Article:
U.S. Sen. Michael Bennet, D-Colo., will be in Hayden at 4 p.m. Thursday to talk about the farm bill recently passed into law by the president. He will answer questions about the new bill and would like to hear input on a variety of initiatives as they pertain to agriculture. The meeting will be held at The Haven Community Center at 300 S. Shelton Lane. RSVP by emailing firstname.lastname@example.org or calling 970-433-1361.
Senator Udall applauds president on farm bill
U.S. Sen. Mark Udall, D-Colo., supported the President’s decision to fast-track the availability of livestock disaster aid he successfully included in the 2014 farm bill, according to a press release. Udall recently joined his colleagues in urging the President to quickly implement the 2014 farm bill’s drought-aid provisions.
“I fought to ensure Colorado’s ranchers and livestock producers have access to a strong and reliable disaster assistance program in the 2014 farm bill. I am proud the president has heeded my call to quickly make these resources available to ranchers in Colorado who have struggled with droughts in recent years,” Udall said. “Ranching is an important part of Colorado’s agricultural heritage and one tied to the Centennial State’s earliest days. The president’s swift action and my contribution to the 2014 farm bill will ensure that ranchers continue to be a vital part of our job-creating agricultural economy.”
Under the president’s decision, ranchers and livestock producers will be eligible to apply for disaster assistance for losses dating back to Oct. 1, 2011, according to the release. Ranchers can learn more about the resources available to them by contacting their local Farm Service Agency office. Local Farm Service Agency county offices expect to begin processing applications April 14.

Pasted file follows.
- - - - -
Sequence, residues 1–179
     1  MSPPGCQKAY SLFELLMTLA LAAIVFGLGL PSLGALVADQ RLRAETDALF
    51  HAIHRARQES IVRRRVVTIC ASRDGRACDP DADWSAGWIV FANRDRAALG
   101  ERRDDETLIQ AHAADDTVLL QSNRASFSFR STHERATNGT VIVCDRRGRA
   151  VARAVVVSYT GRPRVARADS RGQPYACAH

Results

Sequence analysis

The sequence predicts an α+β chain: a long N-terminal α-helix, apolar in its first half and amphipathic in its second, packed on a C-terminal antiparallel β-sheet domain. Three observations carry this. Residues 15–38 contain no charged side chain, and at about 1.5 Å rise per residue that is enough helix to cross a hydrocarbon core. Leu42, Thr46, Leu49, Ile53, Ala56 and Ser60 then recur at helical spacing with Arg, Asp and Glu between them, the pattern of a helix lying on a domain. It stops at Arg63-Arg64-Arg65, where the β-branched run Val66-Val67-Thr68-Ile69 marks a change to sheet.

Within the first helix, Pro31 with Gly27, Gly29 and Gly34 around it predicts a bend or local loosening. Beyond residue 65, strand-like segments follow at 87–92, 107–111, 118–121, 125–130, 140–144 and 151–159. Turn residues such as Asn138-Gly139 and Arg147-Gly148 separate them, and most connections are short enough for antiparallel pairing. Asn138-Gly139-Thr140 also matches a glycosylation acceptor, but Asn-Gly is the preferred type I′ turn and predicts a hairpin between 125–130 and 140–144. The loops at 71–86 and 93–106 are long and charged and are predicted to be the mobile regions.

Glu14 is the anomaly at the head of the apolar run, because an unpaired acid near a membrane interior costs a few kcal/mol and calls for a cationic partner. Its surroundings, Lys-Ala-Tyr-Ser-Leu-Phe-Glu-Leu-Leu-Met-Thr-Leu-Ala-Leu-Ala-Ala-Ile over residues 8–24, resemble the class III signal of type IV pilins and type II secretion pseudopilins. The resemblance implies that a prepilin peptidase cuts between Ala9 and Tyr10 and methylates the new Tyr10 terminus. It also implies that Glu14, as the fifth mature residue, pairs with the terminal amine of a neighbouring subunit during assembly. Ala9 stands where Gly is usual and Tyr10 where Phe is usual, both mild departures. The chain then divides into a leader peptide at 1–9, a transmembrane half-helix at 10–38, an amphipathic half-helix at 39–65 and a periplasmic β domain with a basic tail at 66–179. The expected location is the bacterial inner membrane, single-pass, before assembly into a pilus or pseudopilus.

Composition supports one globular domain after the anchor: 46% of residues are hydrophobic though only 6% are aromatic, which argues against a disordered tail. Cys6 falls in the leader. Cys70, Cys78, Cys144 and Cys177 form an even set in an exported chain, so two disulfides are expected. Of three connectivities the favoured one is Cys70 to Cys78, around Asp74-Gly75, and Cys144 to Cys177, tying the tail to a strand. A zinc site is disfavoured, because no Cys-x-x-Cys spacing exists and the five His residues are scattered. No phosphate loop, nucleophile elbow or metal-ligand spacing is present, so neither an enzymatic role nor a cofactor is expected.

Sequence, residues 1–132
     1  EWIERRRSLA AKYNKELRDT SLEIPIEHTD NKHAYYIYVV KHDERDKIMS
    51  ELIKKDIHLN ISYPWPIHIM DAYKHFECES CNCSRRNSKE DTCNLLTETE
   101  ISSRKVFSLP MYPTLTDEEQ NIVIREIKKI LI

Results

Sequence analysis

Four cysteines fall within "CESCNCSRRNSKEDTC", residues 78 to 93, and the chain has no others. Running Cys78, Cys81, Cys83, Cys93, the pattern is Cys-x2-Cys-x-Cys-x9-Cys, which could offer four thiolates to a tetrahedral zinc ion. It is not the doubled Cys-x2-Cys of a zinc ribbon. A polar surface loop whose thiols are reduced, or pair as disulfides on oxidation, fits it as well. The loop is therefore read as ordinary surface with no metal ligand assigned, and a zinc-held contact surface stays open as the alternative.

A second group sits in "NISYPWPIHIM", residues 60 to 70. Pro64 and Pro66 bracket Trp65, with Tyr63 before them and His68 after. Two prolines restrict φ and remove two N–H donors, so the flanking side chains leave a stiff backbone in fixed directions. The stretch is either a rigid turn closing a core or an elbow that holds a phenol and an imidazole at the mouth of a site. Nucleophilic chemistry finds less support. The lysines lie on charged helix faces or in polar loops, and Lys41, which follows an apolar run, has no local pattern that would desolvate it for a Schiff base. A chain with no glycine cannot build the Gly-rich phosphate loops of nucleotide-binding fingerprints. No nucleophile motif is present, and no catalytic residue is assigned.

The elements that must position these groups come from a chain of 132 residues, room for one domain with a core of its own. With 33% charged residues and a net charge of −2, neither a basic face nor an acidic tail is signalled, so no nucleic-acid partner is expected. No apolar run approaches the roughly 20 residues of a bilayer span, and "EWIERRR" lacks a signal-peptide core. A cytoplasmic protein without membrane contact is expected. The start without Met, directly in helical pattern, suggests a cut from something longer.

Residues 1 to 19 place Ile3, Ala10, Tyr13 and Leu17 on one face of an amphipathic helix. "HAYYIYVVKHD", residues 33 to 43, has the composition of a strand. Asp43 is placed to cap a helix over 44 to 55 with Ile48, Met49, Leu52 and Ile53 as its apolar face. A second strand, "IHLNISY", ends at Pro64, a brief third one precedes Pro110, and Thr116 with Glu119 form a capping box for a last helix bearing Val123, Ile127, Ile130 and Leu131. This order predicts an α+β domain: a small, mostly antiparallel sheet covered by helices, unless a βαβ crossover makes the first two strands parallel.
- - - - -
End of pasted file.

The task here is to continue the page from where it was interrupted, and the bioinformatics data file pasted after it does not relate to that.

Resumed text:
Udall repeatedly has pushed Congress to take up a five-year extension of the farm bill to give certainty to the agricultural producers, rural communities, foresters and others who rely on it for their livelihoods and ways of life.
Parks and Wildlife says keep your dogs safe
Colorado Parks and Wildlife is issuing a warning to people whose dogs chase wildlife: Keep them under control and away from deer, elk and other wild animals, or face the possibility of steep fines and the loss of a beloved pet.
Dogs that chase wild animals can cause them extreme stress and injuries from bites, wildlife officials said.
By late winter, many big game animals that are susceptible to dog harassment are pregnant females. As they run to escape, deer and elk expend crucial energy that can lead to an increase in the mortality rate of the animals or their unborn calves and fawns. Dogs that are allowed to interact with wildlife are also at a significant risk of being injured or killed by a wild animal, or at risk of being put down by a peace officer enforcing state wildlife laws.
To report any instance of dogs chasing wildlife, the public can call the local Colorado Parks and Wildlife office or Colorado State Patrol. In Colorado, the fine for knowingly or negligently allowing a dog to harass wildlife is $274, including surcharges. For more information about living with wildlife, go to www.wildlife.state.co.us/WildlifeSpecies/LivingWithWildlife/Pages/LivingWith.aspx
Wise electricity usage saves money in winter
Atmos Energy is encouraging its customers to save money on their winter heating bills by reducing their energy usage.
“A little planning goes a long way when it comes to reducing winter heating bills,” Colorado/Kansas Division President Gary Gregory said.
■ Change or clean furnace filters once each month during the heating season.
■ Set your water heater’s temperature at 120 degrees.
■ Set your thermostat to 70 degrees during the day and 58 degrees when away from home for more than a few hours.
■ Close vents and doors in unused rooms and close cabinet and closet doors on outside walls.
If you are having trouble paying your utility bill, visit www.atmosenergy.com to learn more about energy assistance programs. Low-income customers are eligible for federal energy assistance through the Low Income Home Energy Assistance Program, which helps pay energy bills and weatherize homes.